St. Charles family law attorneyDuring a divorce, each spouse is likely to experience a range of emotions, including grief, anger, regret, and feelings of betrayal. Sadly, the typical divorce process often exacerbates these negative emotions by seemingly placing the divorcing parties on opposite sides. Tempers can flare, and each spouse may focus on what they will walk away with once the divorce process is complete rather than working toward the best possible outcome for both parties.

When you add children into the mix, a contentious situation can become even more difficult, especially for the children who still love both of their parents. In fact, the damage can be so extensive that it carries on into the children’s adult lives. However, this does not have to be your children’s reality. You and your spouse can choose differently in your divorce and take an approach that focuses on your children’s interests.

Creating a Child-Centered Divorce

It is not impossible to create a supportive and protective environment for your children during and after the divorce process. Some parents are able to resolve their differences through alternative dispute resolution and work together to reach an agreement that prioritizes the children’s needs. Even if such an approach does not work for you, and you need to resolve your divorce through litigation, there are still things you can do to keep your children’s needs front and center, including:

St. Charles IL family law attorneyIt is one thing to tell your spouse that you want a divorce. However, telling your children that you and their other parent will be divorcing is another thing altogether. While parents are likely to worry about how their divorce will affect their children, it can actually be the best option for both the adults and children. Rather than experiencing regular conflict and tension between parents, children can benefit from growing up in a less stressful environment. When breaking the news of divorce, parents will want to approach the conversation in a way that helps children understand and prepare for how their lives will change.

Talking to Younger Children

The approach to telling your children that you and your spouse are getting a divorce is going to differ depending on their ages. A younger child may have a harder time understanding what a divorce means, but they could have an easier time adjusting to the change. If your children are far apart in age, you may wish to discuss the divorce with each of them separately.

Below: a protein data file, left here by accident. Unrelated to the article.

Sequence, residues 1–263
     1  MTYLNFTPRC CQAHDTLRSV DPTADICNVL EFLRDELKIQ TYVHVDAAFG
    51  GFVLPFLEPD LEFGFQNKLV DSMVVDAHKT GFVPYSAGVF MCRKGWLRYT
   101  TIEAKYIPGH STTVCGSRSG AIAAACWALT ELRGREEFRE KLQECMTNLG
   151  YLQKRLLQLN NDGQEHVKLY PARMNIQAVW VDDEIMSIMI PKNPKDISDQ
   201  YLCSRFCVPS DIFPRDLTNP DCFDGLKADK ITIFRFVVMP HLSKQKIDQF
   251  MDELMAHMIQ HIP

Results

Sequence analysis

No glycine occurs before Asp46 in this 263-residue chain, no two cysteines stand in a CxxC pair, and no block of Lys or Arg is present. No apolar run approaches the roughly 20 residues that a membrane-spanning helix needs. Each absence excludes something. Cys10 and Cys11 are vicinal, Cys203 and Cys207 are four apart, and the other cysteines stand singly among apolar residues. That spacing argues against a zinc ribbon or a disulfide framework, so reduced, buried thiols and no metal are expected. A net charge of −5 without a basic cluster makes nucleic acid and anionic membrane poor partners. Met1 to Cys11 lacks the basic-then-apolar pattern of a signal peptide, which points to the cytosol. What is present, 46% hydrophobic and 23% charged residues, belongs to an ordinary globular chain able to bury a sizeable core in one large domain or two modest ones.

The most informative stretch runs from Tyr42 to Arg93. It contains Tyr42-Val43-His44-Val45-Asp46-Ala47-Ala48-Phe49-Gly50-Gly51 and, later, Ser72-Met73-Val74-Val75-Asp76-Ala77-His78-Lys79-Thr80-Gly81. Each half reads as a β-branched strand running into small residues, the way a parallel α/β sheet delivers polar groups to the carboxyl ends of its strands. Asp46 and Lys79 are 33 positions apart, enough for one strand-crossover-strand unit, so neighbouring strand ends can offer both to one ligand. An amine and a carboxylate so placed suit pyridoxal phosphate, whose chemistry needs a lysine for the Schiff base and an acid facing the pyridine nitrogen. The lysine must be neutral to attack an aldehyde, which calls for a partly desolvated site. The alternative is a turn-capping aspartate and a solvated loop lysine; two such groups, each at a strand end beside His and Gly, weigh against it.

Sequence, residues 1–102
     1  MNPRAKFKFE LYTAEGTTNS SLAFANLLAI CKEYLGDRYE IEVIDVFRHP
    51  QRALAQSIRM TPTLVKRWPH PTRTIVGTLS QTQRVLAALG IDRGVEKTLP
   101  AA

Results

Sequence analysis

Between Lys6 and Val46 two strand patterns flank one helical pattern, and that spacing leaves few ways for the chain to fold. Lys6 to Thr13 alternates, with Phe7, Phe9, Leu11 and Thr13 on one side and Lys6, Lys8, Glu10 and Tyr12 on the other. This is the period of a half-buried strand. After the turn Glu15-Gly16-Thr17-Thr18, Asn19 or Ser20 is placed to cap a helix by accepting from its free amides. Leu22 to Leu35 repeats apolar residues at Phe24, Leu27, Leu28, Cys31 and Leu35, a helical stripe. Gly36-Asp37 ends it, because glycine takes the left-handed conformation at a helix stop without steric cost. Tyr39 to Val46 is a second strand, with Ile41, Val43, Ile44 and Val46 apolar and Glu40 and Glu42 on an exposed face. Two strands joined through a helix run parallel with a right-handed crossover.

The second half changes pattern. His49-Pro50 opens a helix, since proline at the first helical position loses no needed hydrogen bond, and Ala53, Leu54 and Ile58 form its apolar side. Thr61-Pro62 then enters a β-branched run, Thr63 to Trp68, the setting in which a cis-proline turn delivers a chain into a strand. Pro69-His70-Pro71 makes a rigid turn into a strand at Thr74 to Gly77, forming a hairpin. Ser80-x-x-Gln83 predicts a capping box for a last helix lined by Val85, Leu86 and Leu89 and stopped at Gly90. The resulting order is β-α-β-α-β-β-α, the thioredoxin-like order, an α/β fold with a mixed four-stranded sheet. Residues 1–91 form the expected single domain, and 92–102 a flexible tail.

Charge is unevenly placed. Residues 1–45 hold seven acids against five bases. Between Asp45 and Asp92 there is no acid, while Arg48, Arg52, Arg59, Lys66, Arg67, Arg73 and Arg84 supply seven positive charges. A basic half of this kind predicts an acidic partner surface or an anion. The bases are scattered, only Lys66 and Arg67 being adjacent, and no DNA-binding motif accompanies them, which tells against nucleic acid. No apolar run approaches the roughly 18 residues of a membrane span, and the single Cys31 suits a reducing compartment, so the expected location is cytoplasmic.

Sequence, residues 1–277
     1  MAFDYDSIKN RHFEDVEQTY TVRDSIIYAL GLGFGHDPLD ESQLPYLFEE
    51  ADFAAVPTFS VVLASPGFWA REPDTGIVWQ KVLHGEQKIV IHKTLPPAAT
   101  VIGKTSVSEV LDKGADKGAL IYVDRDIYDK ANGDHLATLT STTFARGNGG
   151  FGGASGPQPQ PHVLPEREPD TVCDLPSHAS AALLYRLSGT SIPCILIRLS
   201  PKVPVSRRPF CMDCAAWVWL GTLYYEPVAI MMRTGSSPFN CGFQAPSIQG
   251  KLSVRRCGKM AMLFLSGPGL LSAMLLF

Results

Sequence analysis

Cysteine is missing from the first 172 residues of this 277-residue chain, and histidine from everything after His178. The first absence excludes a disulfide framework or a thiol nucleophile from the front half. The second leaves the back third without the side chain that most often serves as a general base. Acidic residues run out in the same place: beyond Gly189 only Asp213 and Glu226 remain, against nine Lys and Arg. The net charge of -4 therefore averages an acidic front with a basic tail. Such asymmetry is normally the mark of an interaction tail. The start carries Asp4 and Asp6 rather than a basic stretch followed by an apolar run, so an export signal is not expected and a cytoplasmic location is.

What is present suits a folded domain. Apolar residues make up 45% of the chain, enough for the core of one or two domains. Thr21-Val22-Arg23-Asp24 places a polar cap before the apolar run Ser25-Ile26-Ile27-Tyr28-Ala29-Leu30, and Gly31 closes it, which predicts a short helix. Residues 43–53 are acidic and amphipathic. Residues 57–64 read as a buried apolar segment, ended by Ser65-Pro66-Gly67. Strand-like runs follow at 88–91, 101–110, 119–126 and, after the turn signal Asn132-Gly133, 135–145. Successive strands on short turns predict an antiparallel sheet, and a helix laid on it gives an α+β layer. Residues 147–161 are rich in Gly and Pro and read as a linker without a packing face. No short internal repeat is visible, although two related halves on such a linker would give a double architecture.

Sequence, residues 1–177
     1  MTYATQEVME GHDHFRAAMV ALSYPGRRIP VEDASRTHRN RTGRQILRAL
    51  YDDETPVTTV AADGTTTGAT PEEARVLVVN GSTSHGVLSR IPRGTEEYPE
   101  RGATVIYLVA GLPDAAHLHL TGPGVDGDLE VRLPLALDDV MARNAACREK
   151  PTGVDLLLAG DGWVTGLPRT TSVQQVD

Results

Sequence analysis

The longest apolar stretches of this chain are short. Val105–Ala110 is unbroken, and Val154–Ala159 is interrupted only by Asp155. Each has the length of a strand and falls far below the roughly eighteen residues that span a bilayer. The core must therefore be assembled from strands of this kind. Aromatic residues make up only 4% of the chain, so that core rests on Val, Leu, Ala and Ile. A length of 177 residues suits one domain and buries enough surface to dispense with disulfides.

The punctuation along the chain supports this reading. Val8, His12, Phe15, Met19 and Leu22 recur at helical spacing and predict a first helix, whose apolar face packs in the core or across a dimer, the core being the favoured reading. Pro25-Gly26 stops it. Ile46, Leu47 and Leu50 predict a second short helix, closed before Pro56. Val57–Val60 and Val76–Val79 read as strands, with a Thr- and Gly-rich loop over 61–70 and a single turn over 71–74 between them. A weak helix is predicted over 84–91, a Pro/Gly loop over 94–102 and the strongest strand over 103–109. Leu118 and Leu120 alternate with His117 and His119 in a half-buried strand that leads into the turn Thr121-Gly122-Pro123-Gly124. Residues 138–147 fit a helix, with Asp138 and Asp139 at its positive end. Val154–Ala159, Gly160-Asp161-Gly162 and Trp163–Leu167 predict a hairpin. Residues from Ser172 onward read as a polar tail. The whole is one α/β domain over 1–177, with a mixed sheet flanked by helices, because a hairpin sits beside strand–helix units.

There is no definitive guide for telling your child about your divorce. Every family is different, and every child will have a different level of emotional intelligence. That said, here are some tips that may help you talk about getting a divorce with your school-aged children:

St. Charles IL divorce lawyerAfter a divorce, Illinois law permits a parent to move with their children to a new location within 25 miles of their current home in the counties surrounding Chicago, or within 50 miles of their current home anywhere else in the state, in some cases even across state lines. Relocations of a greater distance are sometimes possible with the approval of the court. However, regardless of your intended destination, a move can create significant stress for your children.

Factors to Consider Before Making the Decision to Move

If you are preparing for a divorce and are considering the possibility of moving with your child after the split, it is wise to explore the potential advantages and disadvantages of making yet another big change in the midst of the end of your marriage. On one hand, the idea of starting over and tackling all of the transitions at once can be appealing, but moving directly after the divorce can also trigger some less appealing side effects, especially where the children are concerned. 

Before you commit to moving after your divorce, here are some things to think about: